Rep. Gosar's statement on the nomination of Judge Amy Coney Barrett to the U.S. Supreme Court

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Washington, September 27, 2020 | Jessica Lycos ((202) 379-6385) | comments

WASHINGTON, D.C.-Today, U.S. Congressman Paul A. Gosar, D.D.S. (AZ-04) made the following statement after President Trump announced Judge Amy Coney Barrett as his pick to replace the vacancy left by late Justice, Ruth Bader Ginsburg, on the Supreme Court.

"Yesterday’s announcement by President Trump to nominate Federal Appeals Court Judge Amy Coney Barrett to the U.S. Supreme Court is already being hailed by conservatives nationwide as a brilliant choice. Unlike her predecessor, a far left activist and occasional adherent to the Constitution, Judge Barrett is an accomplished jurist and principled legal scholar who has demonstrated a steadfast dedication to interpreting and upholding our beloved Constitution as written -- and not legislating from the bench. She adheres to the ideology of Justice Antonin Scalia, for whom she clerked. “His judicial philosophy is mine, too,” Barrett said of Justice Scalia. “A judge must apply the law as written. Judges are not policymakers, and they must be resolute in setting aside any policy views they may hold.”  President Trump has nominated an amazing person to fill this important seat who will faithfully interpret the Constitution.

The American people deserve a fully operational Supreme Court in order to ensure the functions of our government remain unimpeded as it enters into the Fall 2020 work schedule -- where the Court will prepare to take up issues such as Obamacare, the Second Amendment, the right to life, and possibly even the Presidential election itself. 

There are cries from the Left that the American people should have a choice in the selection of their next Supreme Court Justice, demanding a delay in a confirmation until after the 2020 election. 

To them I say two things:
1. The American people need not be lectured on decorum and respect for the Constitution by the Marxist Democrat Party that has spent the last four months shredding the Constitution, rioting, looting and setting American cities ablaze.

2. The American people already spoke in 2016 when they elected Donald J. Trump as President and a Republican majority in the Senate. The people further spoke when they expanded that majority in 2018. 

Exit polling from the 2016 election shows that a majority of those who saw the President’s ability to nominate justices to the high court as the most important factor in their vote, backed Trump. Their voices deserve to be heard!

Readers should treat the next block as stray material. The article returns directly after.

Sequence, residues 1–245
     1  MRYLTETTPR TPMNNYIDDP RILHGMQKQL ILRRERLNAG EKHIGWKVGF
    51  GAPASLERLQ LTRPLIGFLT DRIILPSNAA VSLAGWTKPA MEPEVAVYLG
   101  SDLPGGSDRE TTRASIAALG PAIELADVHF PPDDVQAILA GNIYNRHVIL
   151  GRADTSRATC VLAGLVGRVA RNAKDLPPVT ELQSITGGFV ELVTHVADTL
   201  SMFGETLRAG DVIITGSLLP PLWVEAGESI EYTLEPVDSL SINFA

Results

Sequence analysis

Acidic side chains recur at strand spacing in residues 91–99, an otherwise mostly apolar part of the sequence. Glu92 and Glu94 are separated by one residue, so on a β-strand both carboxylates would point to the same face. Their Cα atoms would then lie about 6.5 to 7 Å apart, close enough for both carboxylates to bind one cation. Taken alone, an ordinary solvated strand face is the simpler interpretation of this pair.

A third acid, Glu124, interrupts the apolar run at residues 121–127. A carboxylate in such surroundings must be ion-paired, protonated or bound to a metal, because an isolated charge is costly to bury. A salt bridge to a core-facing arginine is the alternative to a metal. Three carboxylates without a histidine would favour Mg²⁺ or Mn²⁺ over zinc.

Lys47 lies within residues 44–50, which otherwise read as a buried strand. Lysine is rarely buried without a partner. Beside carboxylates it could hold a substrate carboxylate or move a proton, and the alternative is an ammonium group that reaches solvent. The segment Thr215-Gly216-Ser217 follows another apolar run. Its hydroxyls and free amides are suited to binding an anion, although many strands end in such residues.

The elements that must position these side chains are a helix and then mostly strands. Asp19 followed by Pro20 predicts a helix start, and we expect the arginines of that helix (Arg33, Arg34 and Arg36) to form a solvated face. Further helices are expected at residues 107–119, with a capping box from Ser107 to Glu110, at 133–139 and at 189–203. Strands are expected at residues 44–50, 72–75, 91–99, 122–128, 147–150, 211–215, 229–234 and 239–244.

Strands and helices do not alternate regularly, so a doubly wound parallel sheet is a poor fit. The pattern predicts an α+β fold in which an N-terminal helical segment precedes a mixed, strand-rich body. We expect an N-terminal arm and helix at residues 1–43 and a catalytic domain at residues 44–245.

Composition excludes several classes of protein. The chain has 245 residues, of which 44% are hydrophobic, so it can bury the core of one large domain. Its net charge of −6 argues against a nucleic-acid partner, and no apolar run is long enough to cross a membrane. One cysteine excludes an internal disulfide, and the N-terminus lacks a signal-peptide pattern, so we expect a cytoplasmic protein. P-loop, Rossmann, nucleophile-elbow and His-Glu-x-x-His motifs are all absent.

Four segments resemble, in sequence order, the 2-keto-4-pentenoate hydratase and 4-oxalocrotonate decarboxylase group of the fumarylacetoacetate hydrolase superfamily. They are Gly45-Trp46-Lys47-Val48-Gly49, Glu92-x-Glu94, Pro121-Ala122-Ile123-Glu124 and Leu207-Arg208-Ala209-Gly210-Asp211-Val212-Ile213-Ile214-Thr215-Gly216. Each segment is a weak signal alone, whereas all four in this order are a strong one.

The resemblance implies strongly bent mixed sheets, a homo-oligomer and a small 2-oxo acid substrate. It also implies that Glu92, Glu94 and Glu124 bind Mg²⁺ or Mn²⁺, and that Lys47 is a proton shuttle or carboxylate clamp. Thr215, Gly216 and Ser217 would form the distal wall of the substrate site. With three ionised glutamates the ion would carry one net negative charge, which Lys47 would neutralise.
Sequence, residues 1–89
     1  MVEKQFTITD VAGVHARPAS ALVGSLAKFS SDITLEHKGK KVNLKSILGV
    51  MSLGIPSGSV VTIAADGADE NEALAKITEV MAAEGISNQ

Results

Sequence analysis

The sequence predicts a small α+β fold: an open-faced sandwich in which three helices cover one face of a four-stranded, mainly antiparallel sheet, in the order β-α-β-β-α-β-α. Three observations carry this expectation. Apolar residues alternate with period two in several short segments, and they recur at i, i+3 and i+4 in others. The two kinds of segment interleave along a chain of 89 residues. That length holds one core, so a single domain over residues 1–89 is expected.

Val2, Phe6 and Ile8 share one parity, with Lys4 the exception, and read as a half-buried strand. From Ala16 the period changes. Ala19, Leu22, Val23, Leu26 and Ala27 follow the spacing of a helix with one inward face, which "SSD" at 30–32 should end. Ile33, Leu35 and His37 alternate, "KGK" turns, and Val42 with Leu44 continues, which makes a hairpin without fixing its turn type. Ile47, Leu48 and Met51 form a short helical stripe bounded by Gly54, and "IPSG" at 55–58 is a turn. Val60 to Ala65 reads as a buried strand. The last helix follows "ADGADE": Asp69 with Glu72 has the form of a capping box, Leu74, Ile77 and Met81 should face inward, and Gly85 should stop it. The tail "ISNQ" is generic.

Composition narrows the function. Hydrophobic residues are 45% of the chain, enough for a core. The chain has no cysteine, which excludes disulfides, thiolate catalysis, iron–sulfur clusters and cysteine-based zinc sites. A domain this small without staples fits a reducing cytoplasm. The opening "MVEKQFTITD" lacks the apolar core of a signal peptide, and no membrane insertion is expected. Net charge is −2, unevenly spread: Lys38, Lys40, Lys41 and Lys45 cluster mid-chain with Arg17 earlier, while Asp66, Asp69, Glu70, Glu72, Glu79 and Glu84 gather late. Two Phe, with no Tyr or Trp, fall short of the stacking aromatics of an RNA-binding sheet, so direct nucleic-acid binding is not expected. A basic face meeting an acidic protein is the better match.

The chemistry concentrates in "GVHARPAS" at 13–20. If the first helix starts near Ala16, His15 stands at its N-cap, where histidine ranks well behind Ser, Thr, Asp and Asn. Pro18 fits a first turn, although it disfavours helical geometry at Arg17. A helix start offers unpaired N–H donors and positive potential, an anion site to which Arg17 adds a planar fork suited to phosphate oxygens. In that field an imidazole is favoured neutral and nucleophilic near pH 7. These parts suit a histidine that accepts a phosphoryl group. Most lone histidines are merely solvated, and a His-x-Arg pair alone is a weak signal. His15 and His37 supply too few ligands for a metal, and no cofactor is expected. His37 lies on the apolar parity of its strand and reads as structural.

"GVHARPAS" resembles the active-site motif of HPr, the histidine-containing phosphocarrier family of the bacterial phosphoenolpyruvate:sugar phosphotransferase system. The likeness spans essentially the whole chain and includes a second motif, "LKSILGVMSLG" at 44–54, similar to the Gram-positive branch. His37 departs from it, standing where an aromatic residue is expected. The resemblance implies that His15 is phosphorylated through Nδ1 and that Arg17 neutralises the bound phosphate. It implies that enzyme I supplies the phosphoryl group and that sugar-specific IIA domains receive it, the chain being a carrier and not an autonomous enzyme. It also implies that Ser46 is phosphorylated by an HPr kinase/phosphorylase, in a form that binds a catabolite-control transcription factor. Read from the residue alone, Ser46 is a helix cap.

Unlike in 2016, the current makeup of the White House and the Senate are congruent and unambiguously reflect the wishes of the American people. We cannot be intimidated by the radical calls from the Left for a delay in the confirmation process. It is the President's duty to nominate Supreme Court Justices and the Senate's duty to advise and consent.

Following a complete assessment of her merits, the Senate should vote on her nomination without delay."

Background: 
Last Friday, on September 18, 2020, U.S. Supreme Court Justice, Ruth Bader Ginsburg passed away due to complications from pancreatic cancer, leaving a vacancy on the Supreme Court. President Trump and Senate Majority Leader, Mitch McConnell announced plans to immediately move forward with a nomination and confirmation process of a new Justice before the 2020 election. Unwarranted calls of hypocrisy quickly arose from the those on left, juxtaposing the Republican controlled Senate's treatment of this vacancy compared to the 2016 vacancy left by Justice Antonin Scalia. That year, the Senate chose not to act on President Obama's nomination of Judge Merrick Garland to fill the vacancy, leaving the seat vacant until after President Trump's election --citing long-held, election year, precedent.

That precedent being, in years when the Presidency and Senate are held by opposing parties -- creating a conflict between two branches of government -- the historical norm is to wait until after the next election to confirm a new Justice, allowing the people to resolve the conflict with their votes.

This has been the norm for 140 years, and was the precedent applied in 2016.

In years when the Presidency and Senate are held by the same party, however, the historical norm is different. In this circumstance there is no conflict between two different branches of government, and no need to wait for a new election.

This the historical precedent that applies in 2020, and why the Senate will move forward with hearings and a vote.

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